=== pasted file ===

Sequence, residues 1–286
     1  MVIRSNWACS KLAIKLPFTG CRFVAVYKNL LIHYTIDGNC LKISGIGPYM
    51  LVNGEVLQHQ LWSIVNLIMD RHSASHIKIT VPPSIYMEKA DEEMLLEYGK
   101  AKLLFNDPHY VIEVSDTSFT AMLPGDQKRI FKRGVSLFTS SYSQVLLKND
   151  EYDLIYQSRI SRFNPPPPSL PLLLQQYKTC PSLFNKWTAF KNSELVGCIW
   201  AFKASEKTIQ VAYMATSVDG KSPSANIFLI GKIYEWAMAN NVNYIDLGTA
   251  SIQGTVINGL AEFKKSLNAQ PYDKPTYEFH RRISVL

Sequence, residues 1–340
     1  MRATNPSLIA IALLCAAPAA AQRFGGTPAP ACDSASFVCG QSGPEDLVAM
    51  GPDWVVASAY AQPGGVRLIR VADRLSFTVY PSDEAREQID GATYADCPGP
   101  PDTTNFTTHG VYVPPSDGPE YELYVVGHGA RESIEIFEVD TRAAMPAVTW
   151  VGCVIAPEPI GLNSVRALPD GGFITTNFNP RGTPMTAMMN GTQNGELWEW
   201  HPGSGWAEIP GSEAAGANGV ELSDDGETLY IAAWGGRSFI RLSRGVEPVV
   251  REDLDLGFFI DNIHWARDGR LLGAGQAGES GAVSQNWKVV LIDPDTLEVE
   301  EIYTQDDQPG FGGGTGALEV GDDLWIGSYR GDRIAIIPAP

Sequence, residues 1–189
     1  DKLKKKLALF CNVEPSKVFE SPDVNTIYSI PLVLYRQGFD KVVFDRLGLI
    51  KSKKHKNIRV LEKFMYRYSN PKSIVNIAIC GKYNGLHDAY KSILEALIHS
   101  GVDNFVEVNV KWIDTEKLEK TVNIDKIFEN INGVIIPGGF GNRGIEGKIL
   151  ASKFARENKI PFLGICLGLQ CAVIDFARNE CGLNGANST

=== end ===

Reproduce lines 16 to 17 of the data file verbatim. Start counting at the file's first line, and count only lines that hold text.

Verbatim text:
Sequence, residues 1–189
     1  DKLKKKLALF CNVEPSKVFE SPDVNTIYSI PLVLYRQGFD KVVFDRLGLI